Minnesota Timberwolves: Can they overcome the loss of Jimmy Butler? His absence means significant role increases for players like Nemanja Bjelica and Jamal Crawford, not to mention additional run for Karl-Anthony Towns and Andrew Wiggins, who both rank in the top-15 in the league in minutes per game. The timetable for Butler’s return from knee surgery is still unclear, but if he comes back in time for the postseason, the T’Wolves are capable of making some noise. First, they have to get there.
New Orleans Pelicans: Can Jrue Holiday continue to thrive as the No. 2 option? There’s no denying that Anthony Davis is the man responsible for New Orleans’ 10-game winning streak and their fourth-place spot in the Western Conference standings. But Holiday has been there every step of the way, upping has game to another level since DeMarcus Cousins went down with a season-ending Achilles injury. His per-game averages since New Orleans’ last loss? 24.9 points (on 52.1% shooting), 8.5 assists and 4.6 rebounds.
Oklahoma City Thunder: Can they avoid a first-round date with Houston or Golden State? This is where seeding makes all the difference. The Thunder, currently in seventh, would face the Warriors if the postseason started today. Move up a spot or two and their first opponent would likely be one of New Orleans, Portland, San Antonio or Minnesota. Nothing comes easy in the playoffs, but you have to think a first-round exit wouldn’t help on the Paul George free-agency front.
Philadelphia 76ers: Can they keep their momentum going? The 76ers are one of three teams (Houston, Toronto) that ranks in the top-10 in both offensive and defensive rating since Jan. 1. Their defense ranks third in the league behind Utah and Boston during that span, while Ben Simmons and Joel Embiid have spearheaded a 10th-ranked offense. They’re 10-3 since Feb. 6 with five wins over playoff contenders.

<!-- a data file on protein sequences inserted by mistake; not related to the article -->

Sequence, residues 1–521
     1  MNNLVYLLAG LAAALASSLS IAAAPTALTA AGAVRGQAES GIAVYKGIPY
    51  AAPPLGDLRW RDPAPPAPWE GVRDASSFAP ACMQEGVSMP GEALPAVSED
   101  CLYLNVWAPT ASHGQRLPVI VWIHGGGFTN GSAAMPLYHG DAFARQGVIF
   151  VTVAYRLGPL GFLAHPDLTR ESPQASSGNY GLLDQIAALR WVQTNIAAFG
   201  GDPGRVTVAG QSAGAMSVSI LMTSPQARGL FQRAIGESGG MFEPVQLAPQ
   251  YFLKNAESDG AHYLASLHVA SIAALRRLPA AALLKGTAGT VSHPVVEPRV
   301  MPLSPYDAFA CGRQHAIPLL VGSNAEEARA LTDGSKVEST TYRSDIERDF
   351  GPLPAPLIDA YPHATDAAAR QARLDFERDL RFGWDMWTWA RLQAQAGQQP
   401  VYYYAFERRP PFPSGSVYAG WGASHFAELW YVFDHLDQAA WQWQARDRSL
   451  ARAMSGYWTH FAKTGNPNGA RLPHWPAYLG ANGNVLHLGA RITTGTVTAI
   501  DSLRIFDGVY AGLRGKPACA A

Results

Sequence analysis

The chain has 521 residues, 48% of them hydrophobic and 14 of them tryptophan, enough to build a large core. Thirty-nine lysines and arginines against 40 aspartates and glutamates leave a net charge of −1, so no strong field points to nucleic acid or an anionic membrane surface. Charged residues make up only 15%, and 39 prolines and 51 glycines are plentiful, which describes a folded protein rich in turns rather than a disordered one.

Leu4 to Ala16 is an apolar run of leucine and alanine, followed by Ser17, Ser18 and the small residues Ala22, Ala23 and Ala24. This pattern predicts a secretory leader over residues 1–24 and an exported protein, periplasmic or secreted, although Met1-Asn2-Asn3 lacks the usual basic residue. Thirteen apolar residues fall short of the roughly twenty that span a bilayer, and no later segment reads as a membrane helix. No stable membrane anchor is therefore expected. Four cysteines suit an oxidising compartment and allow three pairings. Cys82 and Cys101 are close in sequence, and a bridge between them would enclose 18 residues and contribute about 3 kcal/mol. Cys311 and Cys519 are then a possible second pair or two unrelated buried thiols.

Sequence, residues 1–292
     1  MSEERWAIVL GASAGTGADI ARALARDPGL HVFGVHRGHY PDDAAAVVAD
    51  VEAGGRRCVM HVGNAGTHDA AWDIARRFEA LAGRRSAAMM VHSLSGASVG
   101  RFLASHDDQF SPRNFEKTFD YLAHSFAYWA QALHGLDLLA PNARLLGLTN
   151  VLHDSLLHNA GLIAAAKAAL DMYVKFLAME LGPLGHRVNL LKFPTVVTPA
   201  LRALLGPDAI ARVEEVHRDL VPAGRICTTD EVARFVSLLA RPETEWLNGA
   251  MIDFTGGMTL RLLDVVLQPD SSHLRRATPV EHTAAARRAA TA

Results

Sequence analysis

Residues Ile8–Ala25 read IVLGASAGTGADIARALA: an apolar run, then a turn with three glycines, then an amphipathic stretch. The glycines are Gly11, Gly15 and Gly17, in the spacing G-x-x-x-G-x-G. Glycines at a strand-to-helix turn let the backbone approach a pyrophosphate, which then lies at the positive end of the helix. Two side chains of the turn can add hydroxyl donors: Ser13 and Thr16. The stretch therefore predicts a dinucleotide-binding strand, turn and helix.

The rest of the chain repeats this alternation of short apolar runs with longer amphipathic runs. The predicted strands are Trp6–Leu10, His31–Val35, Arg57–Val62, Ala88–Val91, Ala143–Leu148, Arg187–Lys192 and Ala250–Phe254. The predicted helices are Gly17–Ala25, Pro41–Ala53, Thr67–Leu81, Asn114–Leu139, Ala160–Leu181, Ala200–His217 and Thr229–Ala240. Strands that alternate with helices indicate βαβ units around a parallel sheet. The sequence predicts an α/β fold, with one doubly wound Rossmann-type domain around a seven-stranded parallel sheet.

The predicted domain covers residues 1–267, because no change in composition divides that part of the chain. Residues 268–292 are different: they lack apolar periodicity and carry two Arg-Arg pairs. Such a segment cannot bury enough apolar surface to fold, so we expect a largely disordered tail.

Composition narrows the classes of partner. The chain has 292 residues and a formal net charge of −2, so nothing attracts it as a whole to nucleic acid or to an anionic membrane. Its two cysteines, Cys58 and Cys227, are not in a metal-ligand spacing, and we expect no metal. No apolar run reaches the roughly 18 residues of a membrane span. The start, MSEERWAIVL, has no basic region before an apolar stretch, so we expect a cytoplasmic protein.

Portland Trail Blazers: Is the level at which they’re playing sustainable? Consistency has been one of Portland’s shortcomings this season. In fact, up until this current eight-game winning streak, the Blazers had nearly as many streaks of three or more losses (four) as they did three or more wins (five). What’s more, they have the third-toughest remaining schedule in the conference, with 13 of their 17 remaining games coming against above-.500 teams.
San Antonio Spurs: Can they stay afloat without Kawhi Leonard? The perennial MVP candidate, who has played just nine games this season due to a lingering quad injury, said Wednesday that he’s going to be back “soon.” But soon — if that’s actually the case — may not be soon enough. The Spurs have the toughest remaining schedule in the NBA, including three upcoming road games against Golden State, Oklahoma City and Houston. So long as Leonard’s out, San Antonio’s streak of 20 consecutive postseason appearances is in legitimate danger.
Utah Jazz: Can they finish in the same spot they did last season? What a story that would be. And it’s not that farfetched. The Jazz — who have been plagued by injuries all season and have relied on rookie Donovan Mitchell to carry the majority of the offensive load while filling the void of franchise cornerstone Gordon Hayward — are just 2 ½ games out of the same fifth-place spot where they ended their 2016-17 campaign.
Washington Wizards: When will John Wall return, and how easily will they adapt once he does? The Wizards have gone 11-6 since Wall went down with a knee injury in late January, as Bradley Beal has become the fulcrum of the offense. With Wall’s absence, the Wizards are up to 28.7 assists per game – the second-best mark in the NBA, and their shooting percentage is up as well. Does that prove the Wizards are better without him? Of course not. Wall wasn’t healthy, and the Wizards took the cautious route with an eye toward the playoffs.